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Home Remedies for Late Talking Child


Eight ways to build language and communication skills for late talkers
“Molly is 16 months old, but when she needs something she just grins and pulls at me.”

“When will Jake start talking? He still doesn’t say any full words at 19 months!”

Late talkers

This is a topic that I feel quite comfortable discussing with other parents. As the anxious mother of a child with global developmental delay and a late-talker who began speaking spontaneously in sentences at 31 months of age, I have consulted with a speech therapist more than my share.

Here are eight ways you can help your late baby develop speech and language skills.

Sign Language

Sign language is a type of alternative communication that has been proven to facilitate speech development. My younger son was opposed to sign language at first, but by the time he was 2 years old, his frustration level was so high that he wanted to find a way to communicate.

We started with a few signs like “more” and “milk”, and we got to about 40 signs within 3 months. Every time my son made a sign, I would imitate it and say the word that represented it. If I misinterpreted it, he would nod his head to say “no” and try again.

A great way to learn how to use sign language with babies or toddlers is through a DVD such as Baby Signing Time or a book like Baby Signs by Linda Acredolo.


Some people learn to sing before they speak. Sometimes the tempo of music matters more than the tempo of speech. My husband and I noticed that our first child responded better to music than to speech, so we started inventing songs about everything from green beans to brushing teeth.

One of our younger son’s early successes was his love for the Beatles. I was amazed the first time he sang with “Yellow Submarine” at the top of his lungs. That is the power of music.


Recent research in Australia, which followed 750 pregnant women and their babies over a 10-year period, found an association between vitamin D deficiency and speech and language delays. Mothers who had low levels of the vitamin during pregnancy were twice as likely to have children with language problems.

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Vitamin D is thought to be important for brain development and function, and most Americans are deficient. Other vitamins and minerals are also associated with speech development, and should be discussed with the pediatrician.

Question vs. Statement

  1. A surefire way to annoy both of my sons is to ask a variety of questions, especially when an adult comes up to them and begins, “How old are you? What grade are you in? Do you like school.” Are you shy?”

My kids won’t respond to an aggressive line of questioning because of performance anxiety. A more effective and polite way to communicate with a late talker is to model statements, descriptions, and exclamations such as “You’re eating chocolate ice cream. Chocolate is my favorite flavor.”

Declarative language doesn’t require feedback, but it does a better job of inviting new ideas into the conversation. Speech therapist Linda Murphy writes, “The consequences of declarative language may not be as immediate as that of imperative language because it takes time to build up and build up neural pathways that have not yet been fostered, but the increased richness of overall communication through its use.” Much does a lot worth the wait.” When the pressure to speak is reduced, speech flows more freely.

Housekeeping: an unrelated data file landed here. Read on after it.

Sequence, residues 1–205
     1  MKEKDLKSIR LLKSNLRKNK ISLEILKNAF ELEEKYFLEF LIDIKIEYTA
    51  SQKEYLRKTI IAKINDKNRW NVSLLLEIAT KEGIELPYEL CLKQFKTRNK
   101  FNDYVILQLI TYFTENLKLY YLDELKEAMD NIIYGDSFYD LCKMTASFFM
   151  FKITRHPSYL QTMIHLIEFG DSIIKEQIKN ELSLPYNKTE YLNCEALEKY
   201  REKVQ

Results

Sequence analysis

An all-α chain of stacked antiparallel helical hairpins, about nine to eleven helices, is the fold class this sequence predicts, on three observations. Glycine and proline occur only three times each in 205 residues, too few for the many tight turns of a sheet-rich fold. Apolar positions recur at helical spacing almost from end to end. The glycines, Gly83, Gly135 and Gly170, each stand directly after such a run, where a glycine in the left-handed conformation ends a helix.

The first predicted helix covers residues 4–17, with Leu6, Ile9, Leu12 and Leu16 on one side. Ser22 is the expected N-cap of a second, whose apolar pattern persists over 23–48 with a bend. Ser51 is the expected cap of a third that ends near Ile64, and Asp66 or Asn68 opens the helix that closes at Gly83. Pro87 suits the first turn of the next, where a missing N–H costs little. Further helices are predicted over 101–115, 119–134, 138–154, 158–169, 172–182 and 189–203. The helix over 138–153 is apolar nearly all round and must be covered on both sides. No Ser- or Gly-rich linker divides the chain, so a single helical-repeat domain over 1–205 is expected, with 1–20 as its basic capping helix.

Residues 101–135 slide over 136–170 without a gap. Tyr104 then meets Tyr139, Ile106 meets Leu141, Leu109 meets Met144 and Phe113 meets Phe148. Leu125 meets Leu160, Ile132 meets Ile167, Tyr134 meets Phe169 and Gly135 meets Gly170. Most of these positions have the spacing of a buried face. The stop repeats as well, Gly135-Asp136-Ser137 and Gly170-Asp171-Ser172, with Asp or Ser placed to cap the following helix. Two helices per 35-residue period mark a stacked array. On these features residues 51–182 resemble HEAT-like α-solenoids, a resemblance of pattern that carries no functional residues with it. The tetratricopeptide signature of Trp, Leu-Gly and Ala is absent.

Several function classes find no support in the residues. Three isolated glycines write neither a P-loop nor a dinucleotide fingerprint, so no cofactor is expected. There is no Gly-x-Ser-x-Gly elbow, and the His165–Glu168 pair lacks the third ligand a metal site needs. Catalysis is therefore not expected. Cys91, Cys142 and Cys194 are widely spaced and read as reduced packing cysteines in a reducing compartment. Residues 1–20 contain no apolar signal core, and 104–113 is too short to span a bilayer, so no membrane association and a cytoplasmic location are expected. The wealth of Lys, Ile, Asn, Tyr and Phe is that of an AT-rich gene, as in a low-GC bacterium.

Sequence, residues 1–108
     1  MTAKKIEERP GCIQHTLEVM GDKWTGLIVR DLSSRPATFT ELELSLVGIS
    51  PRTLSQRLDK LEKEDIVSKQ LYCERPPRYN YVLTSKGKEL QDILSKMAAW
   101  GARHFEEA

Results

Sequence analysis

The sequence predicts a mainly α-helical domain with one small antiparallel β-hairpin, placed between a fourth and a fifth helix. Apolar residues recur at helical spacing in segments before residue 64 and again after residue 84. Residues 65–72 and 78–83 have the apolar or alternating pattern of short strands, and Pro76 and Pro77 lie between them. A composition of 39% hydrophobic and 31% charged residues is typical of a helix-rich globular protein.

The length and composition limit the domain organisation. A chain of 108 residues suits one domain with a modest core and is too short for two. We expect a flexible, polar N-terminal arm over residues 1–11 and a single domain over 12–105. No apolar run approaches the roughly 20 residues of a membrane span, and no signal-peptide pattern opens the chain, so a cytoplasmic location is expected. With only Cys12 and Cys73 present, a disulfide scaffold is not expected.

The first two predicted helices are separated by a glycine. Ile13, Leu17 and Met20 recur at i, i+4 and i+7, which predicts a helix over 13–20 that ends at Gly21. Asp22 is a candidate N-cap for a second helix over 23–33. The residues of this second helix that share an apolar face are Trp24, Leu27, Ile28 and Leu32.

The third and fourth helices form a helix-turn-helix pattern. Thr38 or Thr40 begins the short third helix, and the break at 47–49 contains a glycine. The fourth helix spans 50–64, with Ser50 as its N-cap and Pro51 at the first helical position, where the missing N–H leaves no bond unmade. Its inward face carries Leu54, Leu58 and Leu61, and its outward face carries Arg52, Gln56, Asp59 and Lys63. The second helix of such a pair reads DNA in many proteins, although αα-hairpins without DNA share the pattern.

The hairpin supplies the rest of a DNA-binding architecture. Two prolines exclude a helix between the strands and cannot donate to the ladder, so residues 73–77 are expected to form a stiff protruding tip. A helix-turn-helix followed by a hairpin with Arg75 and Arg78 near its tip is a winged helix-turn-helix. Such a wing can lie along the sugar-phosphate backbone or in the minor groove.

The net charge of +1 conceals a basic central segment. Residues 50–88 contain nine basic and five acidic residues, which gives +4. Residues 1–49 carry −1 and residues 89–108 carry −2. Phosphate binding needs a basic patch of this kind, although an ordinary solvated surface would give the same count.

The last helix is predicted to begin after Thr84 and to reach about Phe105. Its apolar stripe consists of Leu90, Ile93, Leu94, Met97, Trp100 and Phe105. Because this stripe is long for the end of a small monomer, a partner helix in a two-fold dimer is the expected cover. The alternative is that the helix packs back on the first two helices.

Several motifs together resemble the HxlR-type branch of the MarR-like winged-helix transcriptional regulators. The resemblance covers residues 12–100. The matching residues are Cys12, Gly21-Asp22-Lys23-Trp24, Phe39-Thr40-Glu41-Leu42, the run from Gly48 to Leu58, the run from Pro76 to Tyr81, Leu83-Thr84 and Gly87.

The least effective way to stimulate speech in a child is to tell the child what to say: “Ball. Say, ‘Ball.’ Heck. Say, ‘Cat.'” My older son had a few speech therapists who did this, and he always looked at them like he had a serious problem — and he never complied with their requests.

The single most effective way to stimulate speech is for the caregiver to imitate every sound the child makes.

One of the most useful articles I have found on the subject is “When ‘Simon Says’ Doesn’t Work” by Dithorn, Johnson, Walder, and Mahurin-Smith in the May 2009 issue of the American Journal of Speech-Language Pathology. Here the authors suggest, “Child imitation by a therapist may include verbal or nonverbal actions … For example, if the child yawns, the therapist may pretend to yawn (an exaggerated vowel-like sound). with) and wait to see how the child reacts.

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Therapists can also imitate the child’s instinctive words; For example, if the child says ‘Baba’, the adult conversation partner may imitate ‘Baba’ and then use it as the beginning to sing ‘Baa Baa Black Sheep’.”

Provide Rich Sensory Experience

  1. Children with speech disorders such as apraxia of childhood speech often have differences in sensory processing. Because of these differences, sensory integration can be a valuable tool in speech therapy.

Carol Kranowitz’s book, The Out-of-Sync Child Has Fun, is full of activities you can do at home with your child. We used shaving cream, water, cotton balls, “moon sand,” edible dough and many other textured items at home to talk to our kids. We also have a slide, mini-trampoline, body sock, balance board, sit-n-spin and other movement-related toys in our house.

Play To Talk

All humans communicate through play. Play is the ideal way to encourage the exchange of ideas with young children. In his book Play to Talk, author James McDonald explains how parents can turn everyday situations into playful encounters that nurture all kinds of communication skills.

In fact, all of the above methods can be combined to create an in-home play therapy program to support your child’s unique developmental needs. I know it’s possible, because that’s what I did to help my kids learn, one was developmentally delayed and one was talking late.

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